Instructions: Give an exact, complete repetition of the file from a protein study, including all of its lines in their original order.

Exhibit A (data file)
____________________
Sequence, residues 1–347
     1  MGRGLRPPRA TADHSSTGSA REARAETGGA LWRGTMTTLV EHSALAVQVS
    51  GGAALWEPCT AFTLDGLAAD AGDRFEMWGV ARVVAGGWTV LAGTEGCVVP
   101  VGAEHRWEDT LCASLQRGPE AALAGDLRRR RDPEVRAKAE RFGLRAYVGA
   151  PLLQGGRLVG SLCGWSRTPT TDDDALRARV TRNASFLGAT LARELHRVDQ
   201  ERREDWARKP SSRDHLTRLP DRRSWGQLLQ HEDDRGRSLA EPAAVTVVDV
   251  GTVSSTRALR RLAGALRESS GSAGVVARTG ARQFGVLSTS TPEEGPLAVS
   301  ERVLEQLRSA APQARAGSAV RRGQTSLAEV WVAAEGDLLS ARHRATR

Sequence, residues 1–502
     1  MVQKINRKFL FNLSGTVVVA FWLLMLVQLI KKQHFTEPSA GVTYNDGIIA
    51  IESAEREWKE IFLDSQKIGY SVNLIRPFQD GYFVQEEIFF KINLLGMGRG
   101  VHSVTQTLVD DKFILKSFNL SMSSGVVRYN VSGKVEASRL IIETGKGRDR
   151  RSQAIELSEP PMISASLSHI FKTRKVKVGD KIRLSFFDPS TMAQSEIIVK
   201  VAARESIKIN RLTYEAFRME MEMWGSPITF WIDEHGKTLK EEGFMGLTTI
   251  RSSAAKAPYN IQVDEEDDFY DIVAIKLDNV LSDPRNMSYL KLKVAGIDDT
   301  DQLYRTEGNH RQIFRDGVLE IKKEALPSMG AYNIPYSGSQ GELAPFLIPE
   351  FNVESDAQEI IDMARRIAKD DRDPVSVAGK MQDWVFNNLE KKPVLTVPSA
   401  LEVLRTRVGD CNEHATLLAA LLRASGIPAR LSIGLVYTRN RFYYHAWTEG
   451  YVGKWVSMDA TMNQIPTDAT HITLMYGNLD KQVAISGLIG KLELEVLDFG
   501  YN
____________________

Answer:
Sequence, residues 1–347
     1  MGRGLRPPRA TADHSSTGSA REARAETGGA LWRGTMTTLV EHSALAVQVS
    51  GGAALWEPCT AFTLDGLAAD AGDRFEMWGV ARVVAGGWTV LAGTEGCVVP
   101  VGAEHRWEDT LCASLQRGPE AALAGDLRRR RDPEVRAKAE RFGLRAYVGA
   151  PLLQGGRLVG SLCGWSRTPT TDDDALRARV TRNASFLGAT LARELHRVDQ
   201  ERREDWARKP SSRDHLTRLP DRRSWGQLLQ HEDDRGRSLA EPAAVTVVDV
   251  GTVSSTRALR RLAGALRESS GSAGVVARTG ARQFGVLSTS TPEEGPLAVS
   301  ERVLEQLRSA APQARAGSAV RRGQTSLAEV WVAAEGDLLS ARHRATR

Sequence, residues 1–502
     1  MVQKINRKFL FNLSGTVVVA FWLLMLVQLI KKQHFTEPSA GVTYNDGIIA
    51  IESAEREWKE IFLDSQKIGY SVNLIRPFQD GYFVQEEIFF KINLLGMGRG
   101  VHSVTQTLVD DKFILKSFNL SMSSGVVRYN VSGKVEASRL IIETGKGRDR
   151  RSQAIELSEP PMISASLSHI FKTRKVKVGD KIRLSFFDPS TMAQSEIIVK
   201  VAARESIKIN RLTYEAFRME MEMWGSPITF WIDEHGKTLK EEGFMGLTTI
   251  RSSAAKAPYN IQVDEEDDFY DIVAIKLDNV LSDPRNMSYL KLKVAGIDDT
   301  DQLYRTEGNH RQIFRDGVLE IKKEALPSMG AYNIPYSGSQ GELAPFLIPE
   351  FNVESDAQEI IDMARRIAKD DRDPVSVAGK MQDWVFNNLE KKPVLTVPSA
   401  LEVLRTRVGD CNEHATLLAA LLRASGIPAR LSIGLVYTRN RFYYHAWTEG
   451  YVGKWVSMDA TMNQIPTDAT HITLMYGNLD KQVAISGLIG KLELEVLDFG
   501  YN